National Electric Power Regulatory Authority (Nepra) has reportedly accused Ministry of Energy of passing “unjustified” financial burden of Rs 30 billion to consumers by not supplying required RLNG or operating of inefficient/ expensive power plants during the last two years, well informed sources in Nepra told Business Recorder.
The power regulator, sources said, has written a letter to Secretary Power Division in which his attention has been drawn towards the shortage of RLNG supply to the power sector over the last two years and the resulting financial impact due to operation of expensive power plants.
Nepra is regularly monitoring the deviations from the Economic Merit Order (EMO) carried out while giving dispatch to power plants.
Nepra, sources said, in its letter has stated that during the analysis, it has been observed on various occasions that certain RLNG power plants are unable to generate energy as per their full potential due to shortage of RLNG supply. Resultantly, the system demand is fulfilled through operation of costlier/ inefficient power plants that are lower in merit order as compared to RLNG plants. This results in a net increase in the generation cost for a given month and ultimately increases the end-consumer tariff.
For this purpose, NTDC (NPCC) has been regularly claiming that shortage of RLNG as a major reason for its operation of plants on alternate fuel/ operation of expensive power plants. In this regard, NTDC (NPCC) has submitted that it shares the RLNG requirement for the upcoming months with the concerned quarters well within time for effective planning.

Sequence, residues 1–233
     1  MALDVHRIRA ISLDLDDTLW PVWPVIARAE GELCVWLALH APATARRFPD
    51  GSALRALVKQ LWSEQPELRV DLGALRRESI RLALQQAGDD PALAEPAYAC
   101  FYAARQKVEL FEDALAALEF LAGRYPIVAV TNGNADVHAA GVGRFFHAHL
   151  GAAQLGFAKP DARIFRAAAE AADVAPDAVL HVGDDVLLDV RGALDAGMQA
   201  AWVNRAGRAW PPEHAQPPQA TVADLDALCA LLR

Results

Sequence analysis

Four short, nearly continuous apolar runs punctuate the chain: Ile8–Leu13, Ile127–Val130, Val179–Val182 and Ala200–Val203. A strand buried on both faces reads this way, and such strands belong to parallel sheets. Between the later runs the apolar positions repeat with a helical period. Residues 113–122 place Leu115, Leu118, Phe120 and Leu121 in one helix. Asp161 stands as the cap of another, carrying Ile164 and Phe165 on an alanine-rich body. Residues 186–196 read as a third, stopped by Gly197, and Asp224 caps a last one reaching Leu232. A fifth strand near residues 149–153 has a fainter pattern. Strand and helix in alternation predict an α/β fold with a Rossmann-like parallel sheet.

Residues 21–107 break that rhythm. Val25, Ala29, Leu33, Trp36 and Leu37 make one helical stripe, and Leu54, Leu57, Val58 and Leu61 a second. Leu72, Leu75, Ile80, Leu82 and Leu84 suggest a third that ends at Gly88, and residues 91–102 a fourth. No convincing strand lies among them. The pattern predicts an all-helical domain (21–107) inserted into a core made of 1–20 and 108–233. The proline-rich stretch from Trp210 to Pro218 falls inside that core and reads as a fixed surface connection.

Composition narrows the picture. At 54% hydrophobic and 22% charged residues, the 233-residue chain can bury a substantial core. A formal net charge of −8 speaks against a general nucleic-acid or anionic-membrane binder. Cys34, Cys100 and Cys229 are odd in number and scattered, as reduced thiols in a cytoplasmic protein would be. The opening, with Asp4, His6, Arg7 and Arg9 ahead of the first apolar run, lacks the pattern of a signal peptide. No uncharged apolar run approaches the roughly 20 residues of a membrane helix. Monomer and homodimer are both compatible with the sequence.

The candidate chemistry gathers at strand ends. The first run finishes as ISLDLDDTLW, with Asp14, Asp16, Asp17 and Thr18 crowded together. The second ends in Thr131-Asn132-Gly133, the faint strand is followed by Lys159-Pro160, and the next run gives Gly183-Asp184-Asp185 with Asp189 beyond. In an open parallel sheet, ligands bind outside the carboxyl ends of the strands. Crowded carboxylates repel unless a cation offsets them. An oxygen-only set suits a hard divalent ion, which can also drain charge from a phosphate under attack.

However, due to shortage of RLNG supply to the power plants, expensive/ inefficient plants are operated to meet the system demand.
According to Nepra, over the course of past two years, an estimated amount of Rs. 30 billion has been incurred due to shortage of RLNG and subsequent operation of expensive/ inefficient power plants. This cost has been passed on to the consumers through the relevant FCAs; however, the Authority considers this amount to be an additional burden on the electricity consumers. Therefore, an early resolution of the issue will be beneficial for the country in general and for electricity consumers in particular.
In view of the existing scenario, the power regulator has advised Ministry of Energy (Power Division) to coordinate with Ministry of Energy (Petroleum Division) to ensure RLNG supply to efficient power plants, as per their requirement and as per Economic Merit Order, so that the efficient plants capacity is fully utilized and generation through expensive/inefficient power plants is stopped, immediately.
Member NEPRA (Sindh) Rafique Ahmad Shaikh, in his dissenting notes in the recent past stated that it is authenticated from the date of National Power Control Centre (NPCC) that it is getting less supply of RLNG against its demand usually conveyed to the relevant quarters several months before.
According to him, RLNG being imported fuel can be managed/ ensured through better supply chain management and accordingly impact of such mismanagement into the non-availability of RLNG can not be passed on to the consumers.—MUSHTAQ GHUMMAN